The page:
One book I have however recently decided to put to some use is The Weekend Novelist by Robert J. Ray and Bret Norris. As the title suggests it is designed to be a guide for those of us who only have opportunity to write at weekends, and there are a lot of us, full-time jobs and other family and social commitments seem to devour the week! But now I have a book I want to write and unfortunately I know myself well enough to know I need to have some sort of plan in place if I ever want to see it completed.

The Weekend Novelist works like a 52 week plan from plotting to re-writes and this could be exactly what I need. So far I’m on Chapter 3 and already I have a much better idea of where I’m going with my plot and I’m someone who needs that or I’ll get a third of the way through the novel and feel completely lost. I always hear about these amazing writers who start writing and work out the plot as they go along, I thoroughly envy them. For me I need some sort of plan or I feel like I’m rambling on with no real end point to be aiming for.

Now I will admit I am sceptical about whether a novel can be written to a weekly plan but I think it’s worth a try because even if it’s not perfect and it turns out in a year’s time this hasn’t been the best way to write a novel at least I will have written a substantial amount and surely I’ll be able to do something with it.

So here’s to the next 52 weeks (well, technically less now I’m on Chapter 3 but you get the idea). Wish me luck!

When Sparks Fly

A couple of weeks ago I ended up with a writing dilemma I had never experienced before and as a result I was left questioning what on earth I was going to write?

For the past few months I have been researching Amsterdam with a view of setting my novel there. I had wanted to embark on a project that I could learn and research about, something with a strong sense of place and Amsterdam felt like the ideal setting- my sister lives out there and I was soon going to be visiting so I would have ample opportunity to extend my knowledge about the area. The trouble was I didn’t actually have a story in mind, or even a vague idea of characters, but I wasn’t going to let that stand in my way. Sarah Waters when researching likes to get a feel for the people and era and from that she develops a story, and that’s exactly what I was aiming to do, to have something materialize organically from the research. Now in hindsight I can see that was rather optimistic.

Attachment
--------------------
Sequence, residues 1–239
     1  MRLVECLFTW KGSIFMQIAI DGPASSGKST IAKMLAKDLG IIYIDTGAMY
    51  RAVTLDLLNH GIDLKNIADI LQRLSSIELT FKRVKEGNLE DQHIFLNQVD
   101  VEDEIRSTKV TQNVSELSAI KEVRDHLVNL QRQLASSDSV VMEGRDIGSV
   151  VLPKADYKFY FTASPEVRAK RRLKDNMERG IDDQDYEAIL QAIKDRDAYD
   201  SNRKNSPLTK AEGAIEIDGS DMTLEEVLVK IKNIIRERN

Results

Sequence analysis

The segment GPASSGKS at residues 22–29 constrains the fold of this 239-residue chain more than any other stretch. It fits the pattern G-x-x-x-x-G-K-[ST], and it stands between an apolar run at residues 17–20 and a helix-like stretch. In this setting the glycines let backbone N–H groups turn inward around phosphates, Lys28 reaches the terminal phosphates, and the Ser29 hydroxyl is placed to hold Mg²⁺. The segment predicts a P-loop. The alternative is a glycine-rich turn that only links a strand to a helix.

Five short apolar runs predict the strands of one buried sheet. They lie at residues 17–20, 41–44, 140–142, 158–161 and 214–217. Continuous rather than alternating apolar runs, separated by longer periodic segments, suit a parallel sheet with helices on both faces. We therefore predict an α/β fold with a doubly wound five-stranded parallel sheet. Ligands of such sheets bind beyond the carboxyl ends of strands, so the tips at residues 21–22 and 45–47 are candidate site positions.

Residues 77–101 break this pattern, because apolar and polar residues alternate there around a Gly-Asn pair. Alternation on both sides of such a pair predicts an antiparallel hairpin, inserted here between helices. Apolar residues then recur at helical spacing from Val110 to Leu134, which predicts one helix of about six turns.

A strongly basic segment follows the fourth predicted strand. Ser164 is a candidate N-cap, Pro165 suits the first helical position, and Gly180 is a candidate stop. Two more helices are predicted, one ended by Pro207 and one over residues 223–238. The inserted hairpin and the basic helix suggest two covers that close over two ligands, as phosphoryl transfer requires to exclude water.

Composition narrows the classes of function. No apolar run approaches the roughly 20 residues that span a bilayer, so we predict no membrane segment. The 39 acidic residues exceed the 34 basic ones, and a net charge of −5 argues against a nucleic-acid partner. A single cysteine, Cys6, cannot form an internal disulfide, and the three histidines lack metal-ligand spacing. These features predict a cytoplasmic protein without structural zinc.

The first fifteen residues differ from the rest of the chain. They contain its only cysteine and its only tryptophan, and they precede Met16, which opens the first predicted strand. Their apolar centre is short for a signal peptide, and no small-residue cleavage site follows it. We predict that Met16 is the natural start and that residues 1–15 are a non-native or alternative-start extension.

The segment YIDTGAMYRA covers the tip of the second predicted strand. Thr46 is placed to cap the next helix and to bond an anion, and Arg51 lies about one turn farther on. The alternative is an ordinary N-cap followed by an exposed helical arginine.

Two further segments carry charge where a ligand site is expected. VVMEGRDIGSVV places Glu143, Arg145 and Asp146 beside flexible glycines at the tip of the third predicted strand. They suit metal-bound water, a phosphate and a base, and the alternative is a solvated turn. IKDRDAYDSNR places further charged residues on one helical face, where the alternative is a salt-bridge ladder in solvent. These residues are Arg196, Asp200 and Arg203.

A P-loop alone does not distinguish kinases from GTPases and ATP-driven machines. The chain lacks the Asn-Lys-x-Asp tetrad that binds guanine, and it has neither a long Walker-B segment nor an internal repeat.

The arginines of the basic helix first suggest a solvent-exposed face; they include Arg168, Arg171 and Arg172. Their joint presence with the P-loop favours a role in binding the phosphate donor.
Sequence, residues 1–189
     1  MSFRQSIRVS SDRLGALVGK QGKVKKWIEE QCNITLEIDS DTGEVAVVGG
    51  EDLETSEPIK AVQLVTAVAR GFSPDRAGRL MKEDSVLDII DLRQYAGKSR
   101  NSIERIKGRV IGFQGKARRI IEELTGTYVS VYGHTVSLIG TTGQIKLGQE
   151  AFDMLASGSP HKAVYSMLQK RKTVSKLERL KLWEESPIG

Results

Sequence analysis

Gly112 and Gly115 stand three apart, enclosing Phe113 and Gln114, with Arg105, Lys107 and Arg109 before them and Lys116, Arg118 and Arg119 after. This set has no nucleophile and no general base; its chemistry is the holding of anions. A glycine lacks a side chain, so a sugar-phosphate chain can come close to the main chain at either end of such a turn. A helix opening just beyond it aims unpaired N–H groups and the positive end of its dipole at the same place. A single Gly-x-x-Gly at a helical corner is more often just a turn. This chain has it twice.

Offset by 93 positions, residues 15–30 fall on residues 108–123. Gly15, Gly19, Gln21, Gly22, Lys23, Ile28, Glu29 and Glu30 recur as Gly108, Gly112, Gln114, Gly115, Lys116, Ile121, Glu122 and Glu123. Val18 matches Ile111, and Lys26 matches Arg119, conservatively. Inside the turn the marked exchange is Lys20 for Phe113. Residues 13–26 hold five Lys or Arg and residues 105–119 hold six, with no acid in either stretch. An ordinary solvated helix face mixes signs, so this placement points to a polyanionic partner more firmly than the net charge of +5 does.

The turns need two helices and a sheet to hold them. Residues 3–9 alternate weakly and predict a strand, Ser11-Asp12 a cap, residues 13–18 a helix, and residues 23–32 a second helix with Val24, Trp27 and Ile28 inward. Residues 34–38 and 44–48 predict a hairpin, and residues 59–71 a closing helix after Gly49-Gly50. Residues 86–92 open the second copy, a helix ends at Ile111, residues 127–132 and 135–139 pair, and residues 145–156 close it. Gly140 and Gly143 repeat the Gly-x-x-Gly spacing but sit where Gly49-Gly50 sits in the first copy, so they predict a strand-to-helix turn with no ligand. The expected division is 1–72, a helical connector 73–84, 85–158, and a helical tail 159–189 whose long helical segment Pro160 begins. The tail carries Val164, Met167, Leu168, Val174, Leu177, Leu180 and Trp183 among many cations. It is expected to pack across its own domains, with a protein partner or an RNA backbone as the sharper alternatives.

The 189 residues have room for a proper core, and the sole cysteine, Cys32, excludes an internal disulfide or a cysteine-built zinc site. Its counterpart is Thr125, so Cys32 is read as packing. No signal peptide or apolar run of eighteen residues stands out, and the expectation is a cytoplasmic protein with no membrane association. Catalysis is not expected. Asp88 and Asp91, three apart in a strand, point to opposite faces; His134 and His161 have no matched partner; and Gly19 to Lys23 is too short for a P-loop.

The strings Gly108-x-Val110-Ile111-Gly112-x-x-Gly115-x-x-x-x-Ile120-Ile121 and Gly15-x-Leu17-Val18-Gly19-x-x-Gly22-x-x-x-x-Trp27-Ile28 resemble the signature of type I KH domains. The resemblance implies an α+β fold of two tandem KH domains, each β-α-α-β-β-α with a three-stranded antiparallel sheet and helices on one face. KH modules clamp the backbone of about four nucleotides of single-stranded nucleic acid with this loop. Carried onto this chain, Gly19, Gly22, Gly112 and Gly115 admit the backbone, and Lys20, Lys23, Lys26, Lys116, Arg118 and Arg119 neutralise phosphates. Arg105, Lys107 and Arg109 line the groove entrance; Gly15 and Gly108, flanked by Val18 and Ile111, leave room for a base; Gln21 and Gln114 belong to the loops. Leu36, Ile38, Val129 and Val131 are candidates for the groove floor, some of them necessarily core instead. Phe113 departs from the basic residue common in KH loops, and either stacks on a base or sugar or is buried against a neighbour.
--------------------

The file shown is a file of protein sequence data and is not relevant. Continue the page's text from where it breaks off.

The trouble was as I got deeper into the research I was no nearer to a story and the longer this went on the more unsettling it became. I had an awful fear that I was heading blindly into historical facts without any real purpose or sight as to where I was going with it. I was effectively just waiting for a spark of genius that might never happen.

Eventually and out of no where there was a spark, but it wasn’t the one I was hoping for or even anticipated. It was for an entirely different story set in a completely different era and location. What’s more I loved it. The more I thought about it the more the nugget of the idea seemed to grow and have everything I wanted from a plot plus it was a subject I was passionate about and already had some knowledge in. Then there was the dilemma, do I note down this great new idea to pick up another time while I continue with the research or do I abandon the research and go with the new idea?

It is a fact that you can be plodding along with a project quite nicely only to be side-swept by more appealing and seductive ideas and if you constantly fall for these then you’re unfortunately doomed never to complete anything. And that’s what worried me, was I giving up and going for the bright and shiny new idea because it was the easy option? Was it not better to persevere at the research? In short no. Yes I have invested time into the research but what makes a novel is the plot and so far I had nothing on Amsterdam and research is not why I want to be a writer, I want to be a writer to write and having a plot at least allows me to do that.

So that’s it, the research has been put to one side and one day I will more than likely revisit it, maybe then it will be ready to grow into something. Right now I’m actually working on something I’m excited about and that makes the world of difference.

Happy Writing?

The idea that the most creative minds are often afflicted with mental health problems is not a new one and there are numerous examples throughout history- Sylvia Plath, Vincent Van Gogh and Virginia Woolf to name just a few. It may be that the creative and inquisitive mind is more vulnerable to mental health affliction but can exercising creativity also help improve mood?

The latest issue of Mslexia poses the question: Does writing help keep you sane?

71% of women surveyed said writing made them feel more positive about life

57% said it helped them to reduce their anxiety or stress

42% found it made them feel less depressed

These sort of findings aren’t surprising and further emphasise how valuable and useful writing can be in therapy. For me I always find I feel a lot happier when I’m writing but on the other flip side when I do feel low I feel it incredibly difficult to write at all.

So how does writing effect your mood and do you have to be in a sort of frame of mind to write?

Writing to a Schedule

Recently, in an attempt to take my writing more seriously, I have been trying to stick to something of a writing schedule and, surprisingly for me given I have been known to have the attention span of an dim-witted goldfish, I have stuck to it. I have been spending a couple of hours several evenings during the week and a few hours every weekend shut away in my study. The only problem is I’m not sure if this is actually working.

Finding time to write has always been a problem for me, I have a full-time job and I’m studying towards my AAT, but lack of time is only part of the reason for my previous lack of productivity. When you’re tired and are often kept busy it is all too easy to avoid anything that appears like an unnecessary challenge and, although I love writing, it is a challenge. Having some sort of scheduled time I quickly found helped with this, it was like keeping an appointment, and the vast majority of the time I found I was writing more than ever.